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First Milestone – Inception in Primate Ancestors (around 55-60 million years ago): The development of the primate lineage from pre-primate mammals marks the inception of the human brain. The primitive brain at this stage comprised a small walnut-like organ featuring basic parts such as the cerebrum and the brainstem for regulating primal survival, metabolic processes, and behaviors.
Second Milestone – Enlargement of the Primate Brain (around 20-25 million years ago): Between the Miocene and Pliocene epochs, there was a considerable enlargement in the primate brain’s size. “Encephalization,” or the increase in brain size relative to body size, was observed. The cerebral cortex started expanding, allowing for the development of advanced cognitive capacities like problem-solving and communication.
Third Milestone – Hominid Brain Expansion (around 5-7 million years ago): This stage marks the evolution of hominids, our early bipedal relatives. The brain size increased further (reaching around 500-600 cubic centimeters), possibly due to genetic mutations and environmental demands. Features like a distinguished prefrontal cortex began to emerge, which is associated with complex decision-making and social interactions.
Fourth Milestone – Emergence of Homo Sapiens (around 200,000-300,000 years ago): Following the emergence of the Homo (man) genus, Homo sapiens evolved with a significant increase in brain size, about 1350-1500 cubic centimeters, akin to present-day humans. This growth facilitated an unprecedented universality of capabilities like abstract thinking, problem-solving, language, and culture.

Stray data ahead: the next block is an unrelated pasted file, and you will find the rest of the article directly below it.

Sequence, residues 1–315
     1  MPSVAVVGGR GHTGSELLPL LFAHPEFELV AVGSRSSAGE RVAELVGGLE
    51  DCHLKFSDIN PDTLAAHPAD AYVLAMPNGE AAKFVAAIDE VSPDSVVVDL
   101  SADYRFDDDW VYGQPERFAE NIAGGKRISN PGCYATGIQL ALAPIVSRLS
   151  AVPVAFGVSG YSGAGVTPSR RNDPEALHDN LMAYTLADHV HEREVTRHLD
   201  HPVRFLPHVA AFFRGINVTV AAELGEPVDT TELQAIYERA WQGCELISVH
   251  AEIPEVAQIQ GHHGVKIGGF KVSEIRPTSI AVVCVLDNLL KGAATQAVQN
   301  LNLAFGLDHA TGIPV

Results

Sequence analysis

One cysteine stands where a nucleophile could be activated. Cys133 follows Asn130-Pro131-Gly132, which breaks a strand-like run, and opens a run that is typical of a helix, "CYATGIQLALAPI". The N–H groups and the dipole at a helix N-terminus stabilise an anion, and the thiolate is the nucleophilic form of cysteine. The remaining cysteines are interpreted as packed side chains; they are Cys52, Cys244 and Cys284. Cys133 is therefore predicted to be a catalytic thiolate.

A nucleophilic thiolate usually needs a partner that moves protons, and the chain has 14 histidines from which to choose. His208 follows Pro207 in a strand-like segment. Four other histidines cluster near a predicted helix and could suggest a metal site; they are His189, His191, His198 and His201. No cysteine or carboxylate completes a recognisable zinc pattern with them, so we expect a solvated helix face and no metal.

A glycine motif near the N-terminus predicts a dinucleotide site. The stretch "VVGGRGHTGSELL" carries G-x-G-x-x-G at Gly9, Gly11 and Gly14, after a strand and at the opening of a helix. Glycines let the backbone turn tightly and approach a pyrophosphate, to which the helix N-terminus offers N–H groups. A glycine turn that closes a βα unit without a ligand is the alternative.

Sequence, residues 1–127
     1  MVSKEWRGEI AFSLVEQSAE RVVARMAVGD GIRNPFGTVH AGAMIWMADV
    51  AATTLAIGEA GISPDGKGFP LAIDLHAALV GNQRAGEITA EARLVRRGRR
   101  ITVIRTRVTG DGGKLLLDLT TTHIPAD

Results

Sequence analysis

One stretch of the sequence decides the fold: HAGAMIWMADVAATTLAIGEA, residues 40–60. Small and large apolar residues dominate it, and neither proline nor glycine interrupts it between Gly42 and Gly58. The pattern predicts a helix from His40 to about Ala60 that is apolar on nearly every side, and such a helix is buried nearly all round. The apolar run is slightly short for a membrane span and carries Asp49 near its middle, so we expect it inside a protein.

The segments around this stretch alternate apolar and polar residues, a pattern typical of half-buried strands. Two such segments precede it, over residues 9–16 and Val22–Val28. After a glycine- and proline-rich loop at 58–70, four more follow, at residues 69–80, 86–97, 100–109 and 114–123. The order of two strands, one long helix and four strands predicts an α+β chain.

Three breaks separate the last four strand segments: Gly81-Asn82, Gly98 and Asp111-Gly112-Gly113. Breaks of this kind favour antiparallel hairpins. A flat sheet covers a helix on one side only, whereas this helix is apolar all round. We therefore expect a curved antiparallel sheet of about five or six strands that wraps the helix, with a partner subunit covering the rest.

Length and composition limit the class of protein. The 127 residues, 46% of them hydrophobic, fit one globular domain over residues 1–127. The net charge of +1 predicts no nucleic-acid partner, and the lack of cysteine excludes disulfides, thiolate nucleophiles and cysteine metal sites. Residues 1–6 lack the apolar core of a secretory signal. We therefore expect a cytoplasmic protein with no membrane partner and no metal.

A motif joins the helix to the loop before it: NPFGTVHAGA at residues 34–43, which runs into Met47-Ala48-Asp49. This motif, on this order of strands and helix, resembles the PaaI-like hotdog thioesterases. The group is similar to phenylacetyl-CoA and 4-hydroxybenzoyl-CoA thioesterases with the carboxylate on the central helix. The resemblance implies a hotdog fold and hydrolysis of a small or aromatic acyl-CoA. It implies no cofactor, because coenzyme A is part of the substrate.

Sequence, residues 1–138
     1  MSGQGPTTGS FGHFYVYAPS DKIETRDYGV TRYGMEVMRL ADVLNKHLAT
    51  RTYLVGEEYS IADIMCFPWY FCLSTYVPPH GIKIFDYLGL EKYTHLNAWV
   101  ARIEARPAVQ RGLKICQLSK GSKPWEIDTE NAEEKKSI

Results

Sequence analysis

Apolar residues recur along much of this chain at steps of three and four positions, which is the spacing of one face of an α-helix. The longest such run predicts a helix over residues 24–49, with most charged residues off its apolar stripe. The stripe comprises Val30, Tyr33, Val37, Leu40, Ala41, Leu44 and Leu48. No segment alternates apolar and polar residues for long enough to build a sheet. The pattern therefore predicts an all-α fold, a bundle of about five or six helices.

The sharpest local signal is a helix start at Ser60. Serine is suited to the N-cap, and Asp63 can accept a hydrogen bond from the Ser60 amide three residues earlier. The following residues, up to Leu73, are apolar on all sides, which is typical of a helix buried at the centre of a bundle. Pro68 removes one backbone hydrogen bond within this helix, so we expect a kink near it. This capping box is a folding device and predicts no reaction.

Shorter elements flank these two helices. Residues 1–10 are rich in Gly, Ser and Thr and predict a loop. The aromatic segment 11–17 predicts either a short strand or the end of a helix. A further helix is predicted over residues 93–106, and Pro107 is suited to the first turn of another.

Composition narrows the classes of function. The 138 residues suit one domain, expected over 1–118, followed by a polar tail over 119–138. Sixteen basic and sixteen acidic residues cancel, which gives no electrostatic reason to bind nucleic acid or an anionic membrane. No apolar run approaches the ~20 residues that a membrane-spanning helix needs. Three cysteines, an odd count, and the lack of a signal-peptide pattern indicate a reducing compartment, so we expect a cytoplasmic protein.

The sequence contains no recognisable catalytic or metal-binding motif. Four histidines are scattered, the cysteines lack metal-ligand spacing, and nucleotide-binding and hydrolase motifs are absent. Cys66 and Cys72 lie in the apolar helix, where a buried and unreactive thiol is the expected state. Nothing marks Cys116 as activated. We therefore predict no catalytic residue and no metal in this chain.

Fifth Milestone – Cognitive Revolution (around 70,000 years ago): This phase is characterized by the Cognitive Revolution wherein Homo sapiens began to exhibit behaviors attributed to symbolic thought, such as creating art and engaging in religious rituals. Concomitant brain developments might have included enhancement of language-encoding structures and higher cognitive process areas like the prefrontal cortex.
Sixth Milestone – The Neolithic Revolution(around 10,000 years ago): The advent of agriculture and domestication of animals involved further fine-tuning of the human cortex. The need for planned cultivation, animal rearing, social organization, storage, and distribution of food surpluses required the development of advanced cognitive functions and memory processing.
Seventh Milestone – Modern Brain (Present): The human brain today, while physically comparable to our ancient ancestors’, operates in an entirely different sociocultural context and technological landscape. Hence, contemporary selection pressures, such as digital technology, are now inciting a minor reorganization of some functional capacities, like multitasking efficiency and information processing speed.